News | Proton Therapy | October 28, 2016

IBA Reaches 50,000 Patients Treated with Proton Therapy Systems

With the number of treated patients growing by over 20 percent year by year, patient access will double by 2020, according to the company

IBA, proton therapy, 50,000 patients treated, milestone

October 27, 2016 — IBA announced in September that 50,000 patients have been treated by clinical partners using IBA’s proton therapy technology.

Today, on average, one new patient is treated every hour on IBA systems around the globe, according to Yves Jongen, chief research officer and founder of IBA. The company’s mission, Jongen said, is to make proton therapy available to an estimated 20 percent of radiation patients that could benefit from this type of treatment.

More and more clinical opinion leaders are working on collecting and producing evidence confirming the added value of proton therapy. This addresses not only comparative clinical outcome, but also economic effectiveness of the total treatment. Proton therapy is offering new hope for patients with specific brain, eye, lung and head and neck cancers, due to their very sensitive locations in the body, where it is imperative to preserve surrounding healthy tissue. Most importantly, proton therapy has emerged as a preferred treatment option for pediatric cases, according to IBA, where the damage done to the still growing tissues and organs of children is often irreversible.

This is the reason why IBA said it is investing between 12-15 percent of its revenue in research and development (R&D) — currently the largest share in the sector. One of the outcomes of IBA’s R&D was the ProteusOne proton therapy solution. This is the most compact proton therapy system ever designed, according to the company, which is easier to implement, operate and finance.

IBA said the future of proton therapy is even more encouraging in the light of the advent of adaptive proton therapy (adaPT), widely considered as the next breakthrough in the field. Adaptive workflows, as modular proton therapy processes, add yet another layer of accuracy in what many consider the most precise and least intrusive cancer treatment method. IBA recently created an international online Community platform, leadingthepath.org, to enable experts in the field from all over the world to exchange experiences, discuss best practices and enhance knowledge, to improve the next generation of proton therapy treatment.

For more information: www.iba-worldwide.com

Related Content

Videos | ASTRO | November 08, 2018
ITN Editor Dave Fornell took a tour of some of the most innovative technologies on display on the expo floor at the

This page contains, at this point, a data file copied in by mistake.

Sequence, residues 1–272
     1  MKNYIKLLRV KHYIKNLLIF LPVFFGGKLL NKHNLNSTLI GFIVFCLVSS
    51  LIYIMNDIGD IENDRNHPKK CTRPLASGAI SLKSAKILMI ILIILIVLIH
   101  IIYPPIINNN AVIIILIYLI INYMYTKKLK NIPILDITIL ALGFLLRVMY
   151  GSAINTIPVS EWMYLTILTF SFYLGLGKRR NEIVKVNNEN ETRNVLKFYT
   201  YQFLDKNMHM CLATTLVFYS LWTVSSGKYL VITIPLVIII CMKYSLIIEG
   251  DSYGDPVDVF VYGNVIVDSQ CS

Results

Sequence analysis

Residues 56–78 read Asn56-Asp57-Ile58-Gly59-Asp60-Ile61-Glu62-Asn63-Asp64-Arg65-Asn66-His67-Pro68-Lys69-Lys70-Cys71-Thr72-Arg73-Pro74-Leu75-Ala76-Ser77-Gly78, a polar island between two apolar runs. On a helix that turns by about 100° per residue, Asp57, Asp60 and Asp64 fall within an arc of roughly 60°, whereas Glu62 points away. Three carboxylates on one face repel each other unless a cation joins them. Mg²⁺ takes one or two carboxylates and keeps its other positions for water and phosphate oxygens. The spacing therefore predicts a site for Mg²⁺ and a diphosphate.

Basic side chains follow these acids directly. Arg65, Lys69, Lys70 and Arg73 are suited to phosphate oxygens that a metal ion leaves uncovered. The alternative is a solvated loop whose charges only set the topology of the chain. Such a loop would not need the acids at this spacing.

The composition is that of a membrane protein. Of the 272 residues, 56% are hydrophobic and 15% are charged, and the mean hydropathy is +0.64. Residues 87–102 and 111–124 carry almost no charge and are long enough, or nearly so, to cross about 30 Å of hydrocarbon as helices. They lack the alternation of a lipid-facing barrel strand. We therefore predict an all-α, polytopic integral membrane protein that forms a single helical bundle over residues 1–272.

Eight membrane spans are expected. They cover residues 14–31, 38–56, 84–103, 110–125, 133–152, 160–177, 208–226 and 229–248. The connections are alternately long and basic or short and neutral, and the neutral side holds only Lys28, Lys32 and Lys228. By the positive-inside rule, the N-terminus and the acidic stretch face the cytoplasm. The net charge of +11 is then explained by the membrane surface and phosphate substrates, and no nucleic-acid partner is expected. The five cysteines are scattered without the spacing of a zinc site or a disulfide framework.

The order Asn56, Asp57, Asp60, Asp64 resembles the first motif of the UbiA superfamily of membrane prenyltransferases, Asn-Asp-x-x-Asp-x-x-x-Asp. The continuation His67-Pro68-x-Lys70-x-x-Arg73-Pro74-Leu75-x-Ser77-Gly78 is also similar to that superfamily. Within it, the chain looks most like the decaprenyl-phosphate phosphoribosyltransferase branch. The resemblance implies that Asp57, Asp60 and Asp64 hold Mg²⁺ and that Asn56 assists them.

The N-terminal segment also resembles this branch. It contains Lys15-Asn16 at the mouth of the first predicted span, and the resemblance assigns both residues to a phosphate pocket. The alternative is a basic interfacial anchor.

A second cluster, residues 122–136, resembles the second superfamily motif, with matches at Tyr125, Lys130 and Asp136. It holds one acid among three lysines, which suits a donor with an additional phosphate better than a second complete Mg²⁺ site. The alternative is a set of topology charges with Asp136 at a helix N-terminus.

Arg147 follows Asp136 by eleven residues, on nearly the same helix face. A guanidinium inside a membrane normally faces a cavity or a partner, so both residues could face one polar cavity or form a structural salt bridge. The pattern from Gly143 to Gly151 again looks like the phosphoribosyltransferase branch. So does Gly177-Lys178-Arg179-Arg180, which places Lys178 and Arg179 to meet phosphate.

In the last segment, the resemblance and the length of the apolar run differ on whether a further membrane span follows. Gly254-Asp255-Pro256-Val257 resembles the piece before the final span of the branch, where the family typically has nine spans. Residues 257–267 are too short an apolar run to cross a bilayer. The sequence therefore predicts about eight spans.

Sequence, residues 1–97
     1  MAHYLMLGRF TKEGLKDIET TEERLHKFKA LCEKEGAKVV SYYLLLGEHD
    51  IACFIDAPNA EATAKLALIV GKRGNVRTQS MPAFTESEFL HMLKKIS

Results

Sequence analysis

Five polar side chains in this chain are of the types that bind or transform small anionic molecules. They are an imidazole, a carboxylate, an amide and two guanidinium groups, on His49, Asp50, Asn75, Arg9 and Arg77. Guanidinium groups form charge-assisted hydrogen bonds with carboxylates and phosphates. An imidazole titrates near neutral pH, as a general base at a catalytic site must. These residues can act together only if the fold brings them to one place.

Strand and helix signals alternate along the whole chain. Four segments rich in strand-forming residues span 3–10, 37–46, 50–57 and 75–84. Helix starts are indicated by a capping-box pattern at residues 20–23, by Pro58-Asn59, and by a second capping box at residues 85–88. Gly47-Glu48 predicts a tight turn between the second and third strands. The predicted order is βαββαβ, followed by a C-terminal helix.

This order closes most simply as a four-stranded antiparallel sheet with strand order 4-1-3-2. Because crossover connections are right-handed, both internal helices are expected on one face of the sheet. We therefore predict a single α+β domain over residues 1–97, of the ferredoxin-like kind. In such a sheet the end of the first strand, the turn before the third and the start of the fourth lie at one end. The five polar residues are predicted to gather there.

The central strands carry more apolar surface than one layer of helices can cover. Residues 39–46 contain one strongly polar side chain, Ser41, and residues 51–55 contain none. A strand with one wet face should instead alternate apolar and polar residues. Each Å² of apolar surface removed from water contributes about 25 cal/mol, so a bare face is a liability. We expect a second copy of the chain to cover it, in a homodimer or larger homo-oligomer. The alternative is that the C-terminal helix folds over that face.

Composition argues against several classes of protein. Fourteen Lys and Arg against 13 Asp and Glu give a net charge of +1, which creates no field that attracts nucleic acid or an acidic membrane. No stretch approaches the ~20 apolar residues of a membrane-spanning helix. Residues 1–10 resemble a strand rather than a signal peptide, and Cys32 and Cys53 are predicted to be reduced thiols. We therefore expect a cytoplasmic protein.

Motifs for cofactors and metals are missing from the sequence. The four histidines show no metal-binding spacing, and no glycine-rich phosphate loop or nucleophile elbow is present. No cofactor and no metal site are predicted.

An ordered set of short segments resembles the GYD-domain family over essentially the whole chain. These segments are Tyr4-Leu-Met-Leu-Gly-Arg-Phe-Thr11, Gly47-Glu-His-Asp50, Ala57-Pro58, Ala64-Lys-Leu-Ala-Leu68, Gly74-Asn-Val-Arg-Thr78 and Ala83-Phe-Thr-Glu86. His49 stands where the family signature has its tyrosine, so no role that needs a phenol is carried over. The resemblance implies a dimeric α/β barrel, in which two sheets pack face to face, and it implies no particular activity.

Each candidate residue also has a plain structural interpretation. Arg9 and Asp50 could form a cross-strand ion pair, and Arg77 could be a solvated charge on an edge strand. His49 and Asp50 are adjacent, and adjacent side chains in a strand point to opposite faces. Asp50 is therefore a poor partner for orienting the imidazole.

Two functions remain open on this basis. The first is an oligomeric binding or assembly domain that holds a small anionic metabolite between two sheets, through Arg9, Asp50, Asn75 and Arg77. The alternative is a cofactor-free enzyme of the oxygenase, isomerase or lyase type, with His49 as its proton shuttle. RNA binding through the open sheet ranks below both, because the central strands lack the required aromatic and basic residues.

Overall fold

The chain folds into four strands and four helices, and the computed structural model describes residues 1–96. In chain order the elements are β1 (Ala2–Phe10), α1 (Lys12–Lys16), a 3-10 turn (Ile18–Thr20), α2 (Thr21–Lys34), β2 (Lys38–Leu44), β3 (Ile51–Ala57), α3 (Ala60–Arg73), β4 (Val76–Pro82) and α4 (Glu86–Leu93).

The Fujifilm FCT Embrace CT System displayed for the first time at ASTRO 2018.
360 Photos | 360 View Photos | November 07, 2018
Fujifilm's first FDA-cleared compu...
This is the Siemens Magnetom Sola RT edition 1.5T MRI system optimized for radiation therapy displayed for the first time since gaining FDA clearance in 2018. It was displayed at the American Society for Radiotherapy and Oncology (ASTRO) 2018 annual meeting. Read more about this system at ASTRO 2018. #ASTRO18 #ASTRO2018
360 Photos | 360 View Photos | November 07, 2018
This is the Siemens Magnetom Sola RT edition 1.5T MRI system optimized for...
GE Healthcare Discovery RF Gen 2 system displayed at ASTRO 2018. It is a dedicated computed tomography (CT) scanner for radiation oncology
360 Photos | 360 View Photos | November 07, 2018
This is the GE Healthcare Discovery RF Gen 2 system displayed at the ...
Proton Therapy for Pediatric Brain Tumors Has Favorable Cognitive Outcomes
News | Proton Therapy | November 06, 2018
Proton therapy treatment for pediatric brain tumor patients is associated with better neurocognitive outcomes compared...
Videos | Radiation Oncology | November 06, 2018
Genomics can be used to assess a patient's radiosensitivity, which can be used to increase or decrease the radiation
The patient’s wife changes the Optune array. Clinical trials indicate that the electrical fields emitted by Optune have the potential to lengthen the lives of patients with glioblastoma.

The patient’s wife changes the Optune array. Clinical trials indicate that the electrical fields emitted by Optune have the potential to lengthen the lives of patients with glioblastoma.

Feature | Radiation Oncology | November 06, 2018 | By Greg Freiherr
Approximately 11,000 professionals attended the four-day meeting of the...